About fifteen years ago I was riding with a well-known Christian leader. It was a long trip and we had an opportunity to talk about a lot of subjects. My friend was fifteen years older than me and had more wisdom and experiences in life from which I could learn. He asked me a question that took me off guard. “Rick, have you ever been depressed?”
I supposed the answer should have been yes, but the reality was that I had never been depressed. I responded, “Well, I have been deeply discouraged several times, but I can’t remember being depressed”.
He opened his heart to me and shared a season of his life when he went through some very turbulent times emotionally and how difficult it had been to come out of that cycle. As he finished his story he encouraged me, “If you ever find yourself depressed, don’t be afraid to talk to someone; in fact, feel free to call me if you would like. I would love to help you”.
We shifted gears to another subject, but of all the things we discussed only that issue stayed with me. I remember his sincerity, transparency, and the wisdom he poured into my life that day. Here was a godly man that was admitting that he had struggled with depression for several years. No one had ever had a personal conversation about that with me. I was in my early 40’s then.
Have you ever struggled with depression? Charles Spurgeon, one of the greatest preachers that ever lived, battled it. Perhaps part of it came from a debilitating illness he had (and that would one day take his life). There were occasions where men from his church had to assist him out of his bed to his pulpit because he was hurting physically and emotionally so bad.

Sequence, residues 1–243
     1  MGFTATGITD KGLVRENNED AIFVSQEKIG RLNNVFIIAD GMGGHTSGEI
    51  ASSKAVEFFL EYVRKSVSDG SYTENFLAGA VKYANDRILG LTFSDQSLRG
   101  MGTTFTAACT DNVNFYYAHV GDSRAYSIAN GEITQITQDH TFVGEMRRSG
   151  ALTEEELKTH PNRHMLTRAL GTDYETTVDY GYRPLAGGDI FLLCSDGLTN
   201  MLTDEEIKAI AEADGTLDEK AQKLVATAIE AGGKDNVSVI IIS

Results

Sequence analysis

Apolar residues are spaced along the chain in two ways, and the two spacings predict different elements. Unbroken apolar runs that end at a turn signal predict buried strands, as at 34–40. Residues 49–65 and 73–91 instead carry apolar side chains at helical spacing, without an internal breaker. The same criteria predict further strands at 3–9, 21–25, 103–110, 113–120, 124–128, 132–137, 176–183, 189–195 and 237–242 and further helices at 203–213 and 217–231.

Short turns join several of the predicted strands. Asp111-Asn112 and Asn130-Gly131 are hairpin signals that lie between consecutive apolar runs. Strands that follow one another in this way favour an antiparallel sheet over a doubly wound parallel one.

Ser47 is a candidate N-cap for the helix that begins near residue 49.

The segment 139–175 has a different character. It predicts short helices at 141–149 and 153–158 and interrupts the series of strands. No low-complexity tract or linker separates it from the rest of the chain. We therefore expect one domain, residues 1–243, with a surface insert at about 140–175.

I know some powerful preachers in our generation, both acquaintances and close friends of mine, that are susceptible to being depressed. They have told me that it is a struggle for them. It’s a quiet and taboo topic, especially for Christians, and even more so for Christan leaders. However, it’s a real issue people grapple with – even believers. Spiritual leaders aren’t exempt.
One example of a depressed leader is Elijah. He was depressed to the point that he wanted to die. This came after the high point of his life and ministry (I Kings 18). Elijah had shamed the false prophets of the nation and the queen was embarrassed. She swore to kill Elijah because of what he had done.
When Elijah heard the threat he began to run. I mean he literally ran on his feet, not just metaphorically was “running” from the problem. He quickly left town and traveled around 80 miles on foot.
Finally he stopped, fatigued, anxious and depressed.
“But he himself went a day’s journey into the wilderness, and came and sat down under a juniper tree: and he requested for himself that he might die; and said, It is enough; now, O LORD, take away my life; for I am not better than my fathers”. (I Kings 19:4)
Here is one of the greatest men in the Bible who came to the place where he despaired of life. This was more than discouragement, but depression. The phrase “sitting under a juniper tree” has become a metaphor for those in such a condition.
Several characteristics of depression are seen here:
- Hopelessness. He prayed that God would take his life – “…he requested for himself that he might die…O, Lord take away my life…” Elijah thought he had been to the mountain of success and the rest of his life would be poor in comparison.
- Frustration. He told God, “…it is enough…” Elijah felt like he couldn’t take any more bad news. He was physically and emotionally exhausted and couldn’t go on anymore.
- Wrong perspective. He said, “I am not better than my fathers”. This reveals that his focus was on comparing himself with other prophets rather than the personal journey that God had for him. Whenever we measure success by what others have done we tend to discouragement.